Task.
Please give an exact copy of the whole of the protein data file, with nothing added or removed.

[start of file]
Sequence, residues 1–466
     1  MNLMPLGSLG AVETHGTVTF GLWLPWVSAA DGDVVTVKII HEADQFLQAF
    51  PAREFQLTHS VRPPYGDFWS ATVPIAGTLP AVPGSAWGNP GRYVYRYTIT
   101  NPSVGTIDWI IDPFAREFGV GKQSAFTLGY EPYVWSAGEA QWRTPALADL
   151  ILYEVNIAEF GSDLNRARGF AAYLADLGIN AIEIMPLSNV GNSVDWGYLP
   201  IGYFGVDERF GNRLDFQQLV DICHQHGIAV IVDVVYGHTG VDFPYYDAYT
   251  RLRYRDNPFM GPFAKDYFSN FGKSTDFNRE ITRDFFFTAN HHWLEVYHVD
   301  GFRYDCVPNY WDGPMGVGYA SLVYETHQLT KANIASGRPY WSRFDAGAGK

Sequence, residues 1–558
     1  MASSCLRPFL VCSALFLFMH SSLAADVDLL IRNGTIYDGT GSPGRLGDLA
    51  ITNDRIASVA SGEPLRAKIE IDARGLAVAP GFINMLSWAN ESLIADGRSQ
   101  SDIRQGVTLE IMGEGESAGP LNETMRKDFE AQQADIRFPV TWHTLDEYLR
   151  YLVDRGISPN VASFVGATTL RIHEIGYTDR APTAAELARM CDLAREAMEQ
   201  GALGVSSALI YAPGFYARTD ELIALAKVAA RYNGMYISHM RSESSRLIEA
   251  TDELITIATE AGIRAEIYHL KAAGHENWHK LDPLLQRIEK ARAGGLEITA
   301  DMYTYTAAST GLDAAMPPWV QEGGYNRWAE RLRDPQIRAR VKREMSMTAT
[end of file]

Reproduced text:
Sequence, residues 1–466
     1  MNLMPLGSLG AVETHGTVTF GLWLPWVSAA DGDVVTVKII HEADQFLQAF
    51  PAREFQLTHS VRPPYGDFWS ATVPIAGTLP AVPGSAWGNP GRYVYRYTIT
   101  NPSVGTIDWI IDPFAREFGV GKQSAFTLGY EPYVWSAGEA QWRTPALADL
   151  ILYEVNIAEF GSDLNRARGF AAYLADLGIN AIEIMPLSNV GNSVDWGYLP
   201  IGYFGVDERF GNRLDFQQLV DICHQHGIAV IVDVVYGHTG VDFPYYDAYT
   251  RLRYRDNPFM GPFAKDYFSN FGKSTDFNRE ITRDFFFTAN HHWLEVYHVD
   301  GFRYDCVPNY WDGPMGVGYA SLVYETHQLT KANIASGRPY WSRFDAGAGK

Sequence, residues 1–558
     1  MASSCLRPFL VCSALFLFMH SSLAADVDLL IRNGTIYDGT GSPGRLGDLA
    51  ITNDRIASVA SGEPLRAKIE IDARGLAVAP GFINMLSWAN ESLIADGRSQ
   101  SDIRQGVTLE IMGEGESAGP LNETMRKDFE AQQADIRFPV TWHTLDEYLR
   151  YLVDRGISPN VASFVGATTL RIHEIGYTDR APTAAELARM CDLAREAMEQ
   201  GALGVSSALI YAPGFYARTD ELIALAKVAA RYNGMYISHM RSESSRLIEA
   251  TDELITIATE AGIRAEIYHL KAAGHENWHK LDPLLQRIEK ARAGGLEITA
   301  DMYTYTAAST GLDAAMPPWV QEGGYNRWAE RLRDPQIRAR VKREMSMTAT